However, it’s probably the most important foundation when it comes to harsh death metal vocals. To achieve the effect of growling and screaming your vocals, you really need to practice breathing.

To do that, first learn how to breathe from your diaphragm. (You can learn how by checking out this post here!)

Once you get that down, we have to learn to really control that breath.

Learning how to breathe lower – how to take in more air – is only one part of breathing when it comes to singing.

We need to control our exhale.

Don’t let all your air out the moment you start your scream or growl; if you do that, you’re going to run out of air really fast. We need to control that airflow, and slow it down.

Here’s another contradiction: this very unconventional style of singing includes a lot of restraint and control. Notice how much restraint this vocalist uses when controlling his exhale for his low growls: How to Sing Low Growls: Death Metal Vocal Tutorial

All the effects we’ll be doing to achieve growls and screams have to do with how you utilize that air you’re breathing out.

To practice slowing down and controlling that breath, try this exercise: 

1. Breathing Exercise For Metal Singers: Timed Hiss

To do this exercise, breathe in as much air as you can, as low as you can. (Remember what you learned about breathing with your diaphragm!) 

When you’ve taken in as much as you can, start a stopwatch (or a stopwatch app on your phone), then breathe out in a hiss. To do this hiss, put your teeth together, and either hiss on “tsss,” (how you would imitate something sizzling), or “shh” (like shushing someone). Let all that air out on that hiss, and see how long you can go. 

Go ahead and try it now!

If you found you could only hold less than 15 seconds, you’re letting out too much air at once.

The best of the best singers can comfortably hold around 40 seconds or more. But just starting out, let’s aim for between 20 and 30. (Remember that getting there will most likely take practice, so don’t get discouraged if it takes you a few weeks or months!)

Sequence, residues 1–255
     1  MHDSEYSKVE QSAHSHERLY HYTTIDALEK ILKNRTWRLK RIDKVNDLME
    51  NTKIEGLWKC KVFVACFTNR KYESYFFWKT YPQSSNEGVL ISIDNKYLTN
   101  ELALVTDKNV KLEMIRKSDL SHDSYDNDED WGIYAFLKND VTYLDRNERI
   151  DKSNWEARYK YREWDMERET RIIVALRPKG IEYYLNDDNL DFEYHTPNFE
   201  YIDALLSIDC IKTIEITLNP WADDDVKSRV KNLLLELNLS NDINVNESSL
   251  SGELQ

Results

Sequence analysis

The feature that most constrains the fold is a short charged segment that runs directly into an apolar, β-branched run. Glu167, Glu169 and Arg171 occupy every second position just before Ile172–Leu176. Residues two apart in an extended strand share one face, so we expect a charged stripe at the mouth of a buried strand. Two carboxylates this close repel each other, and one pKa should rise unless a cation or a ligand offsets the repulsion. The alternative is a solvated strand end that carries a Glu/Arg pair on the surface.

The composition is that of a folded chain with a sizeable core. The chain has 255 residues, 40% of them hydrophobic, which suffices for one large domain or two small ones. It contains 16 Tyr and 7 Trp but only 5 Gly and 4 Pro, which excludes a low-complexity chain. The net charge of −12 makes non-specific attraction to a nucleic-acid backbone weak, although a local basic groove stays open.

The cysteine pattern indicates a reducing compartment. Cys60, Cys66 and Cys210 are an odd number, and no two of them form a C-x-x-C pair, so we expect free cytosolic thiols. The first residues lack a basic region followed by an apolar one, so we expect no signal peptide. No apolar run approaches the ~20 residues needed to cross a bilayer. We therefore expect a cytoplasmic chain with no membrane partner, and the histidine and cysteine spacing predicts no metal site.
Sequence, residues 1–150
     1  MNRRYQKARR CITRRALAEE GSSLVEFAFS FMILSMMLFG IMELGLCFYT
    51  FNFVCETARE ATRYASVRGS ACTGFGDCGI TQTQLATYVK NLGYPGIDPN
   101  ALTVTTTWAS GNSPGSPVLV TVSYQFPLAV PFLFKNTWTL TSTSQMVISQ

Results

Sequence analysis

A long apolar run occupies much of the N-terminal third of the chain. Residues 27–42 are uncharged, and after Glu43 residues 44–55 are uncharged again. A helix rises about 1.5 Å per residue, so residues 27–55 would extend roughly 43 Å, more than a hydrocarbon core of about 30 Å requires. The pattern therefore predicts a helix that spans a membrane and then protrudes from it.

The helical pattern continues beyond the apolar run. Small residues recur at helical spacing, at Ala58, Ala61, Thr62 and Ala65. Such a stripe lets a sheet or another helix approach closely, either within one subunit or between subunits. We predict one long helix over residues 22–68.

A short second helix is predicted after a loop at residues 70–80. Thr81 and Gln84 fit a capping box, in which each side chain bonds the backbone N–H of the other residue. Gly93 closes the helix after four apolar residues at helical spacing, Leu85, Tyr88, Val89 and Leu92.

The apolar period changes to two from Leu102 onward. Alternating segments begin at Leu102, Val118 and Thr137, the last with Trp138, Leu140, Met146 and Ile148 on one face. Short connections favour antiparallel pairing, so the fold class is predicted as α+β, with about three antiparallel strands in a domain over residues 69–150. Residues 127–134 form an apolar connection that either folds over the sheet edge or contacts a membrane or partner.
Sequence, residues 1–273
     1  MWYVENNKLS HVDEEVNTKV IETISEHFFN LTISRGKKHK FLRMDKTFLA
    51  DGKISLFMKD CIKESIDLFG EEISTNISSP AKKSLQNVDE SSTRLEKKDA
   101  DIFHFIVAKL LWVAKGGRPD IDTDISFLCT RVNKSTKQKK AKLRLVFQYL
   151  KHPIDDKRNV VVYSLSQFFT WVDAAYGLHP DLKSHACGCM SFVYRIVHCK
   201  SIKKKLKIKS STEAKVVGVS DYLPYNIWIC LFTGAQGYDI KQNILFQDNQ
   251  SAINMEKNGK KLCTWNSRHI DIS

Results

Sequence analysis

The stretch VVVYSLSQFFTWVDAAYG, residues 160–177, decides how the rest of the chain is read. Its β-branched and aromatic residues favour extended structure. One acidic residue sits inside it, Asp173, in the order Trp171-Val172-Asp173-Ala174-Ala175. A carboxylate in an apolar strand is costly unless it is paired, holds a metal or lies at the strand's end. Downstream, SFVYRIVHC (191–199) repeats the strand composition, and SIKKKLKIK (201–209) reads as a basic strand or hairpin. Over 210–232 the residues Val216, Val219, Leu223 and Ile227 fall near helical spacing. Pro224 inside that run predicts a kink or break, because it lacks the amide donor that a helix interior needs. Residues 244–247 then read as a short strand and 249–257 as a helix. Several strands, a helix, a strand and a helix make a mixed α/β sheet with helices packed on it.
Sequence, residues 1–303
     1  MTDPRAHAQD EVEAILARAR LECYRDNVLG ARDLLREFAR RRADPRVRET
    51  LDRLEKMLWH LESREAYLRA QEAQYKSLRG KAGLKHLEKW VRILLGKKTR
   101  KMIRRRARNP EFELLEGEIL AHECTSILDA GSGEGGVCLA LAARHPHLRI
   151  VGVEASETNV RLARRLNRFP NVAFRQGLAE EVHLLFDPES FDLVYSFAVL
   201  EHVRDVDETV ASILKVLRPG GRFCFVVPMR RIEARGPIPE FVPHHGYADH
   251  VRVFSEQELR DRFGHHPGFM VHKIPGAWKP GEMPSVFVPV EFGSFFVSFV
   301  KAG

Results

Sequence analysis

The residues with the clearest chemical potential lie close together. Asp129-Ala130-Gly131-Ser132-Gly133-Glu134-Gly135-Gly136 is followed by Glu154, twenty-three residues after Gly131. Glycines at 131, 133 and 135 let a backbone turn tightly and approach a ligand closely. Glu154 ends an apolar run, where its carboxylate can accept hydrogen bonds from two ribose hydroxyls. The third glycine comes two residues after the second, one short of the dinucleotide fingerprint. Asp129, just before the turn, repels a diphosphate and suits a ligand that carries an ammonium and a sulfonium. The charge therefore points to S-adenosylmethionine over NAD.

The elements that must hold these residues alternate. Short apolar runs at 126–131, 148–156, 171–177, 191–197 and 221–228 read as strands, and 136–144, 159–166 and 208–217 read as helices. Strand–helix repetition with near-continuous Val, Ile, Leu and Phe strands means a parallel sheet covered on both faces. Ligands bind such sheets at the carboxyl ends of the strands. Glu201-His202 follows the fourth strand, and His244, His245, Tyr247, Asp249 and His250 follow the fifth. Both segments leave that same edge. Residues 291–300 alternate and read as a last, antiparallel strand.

The trick to controlling that breath is by consciously trying to slow it down. Try making the opening between your teeth as tiny as possible. As you get better with this control, allow there to be more space between your teeth, but keep your exhale at the same speed! Eventually you’ll have a master level of control while singing or screaming.

Keep practicing this, noticing how different it is to be so conscious of the air you’re letting out. The more you do this exercise, the longer you’ll be able to hold your screams and the better they’ll sound!

4. Growling (False Cord Technique)


One of the absolute staples of death metal vocals is growling

For as intense as growling sounds, it is actually a very relaxed skill!

If you want to learn how to growl, here’s the good news: you already have the foundation for it.

The very basis of growling is something we do every single day. Most often you’ll do it the moment you get home from work and collapse on a bed or a couch.

That sound is a heavy sigh.

1. The Heavy Sigh

The heavy sigh is the basis for growling because when we sigh like that, we’re not utilizing our vocal cords to make the sound; we’re utilizing our false cords

False cords are located near our vocal cords, but instead of making pitch and sound, they’re pretty much the door that opens and closes when you either decide to eat or breathe air, therefore making sure the right pathway is open so you don’t choke. 

The essence of growling is that heavy sigh. However, growling is just a much more practiced, longer version of it, and it often involves pitch.

Try it now: either think about the chores you have to do later that you don’t want to do or let off some steam from a stressful event of your day, and sigh

Notice how you’re relaxed when you do it. 

Remember: don’t try to growl, and don’t force anything out. Just sigh like you’d normally sigh.

Now, do so again, holding it a little longer. Play with how it sounds as it comes out by moving your tongue or changing the shape of your throat. Just remember to stay relaxed and never force yourself. This will start off lighter, but will gain intensity on its own after much practice. Don’t try to take a shortcut to make the harsh sound you want by pushing. That sound will come, just give it time and plenty of practice.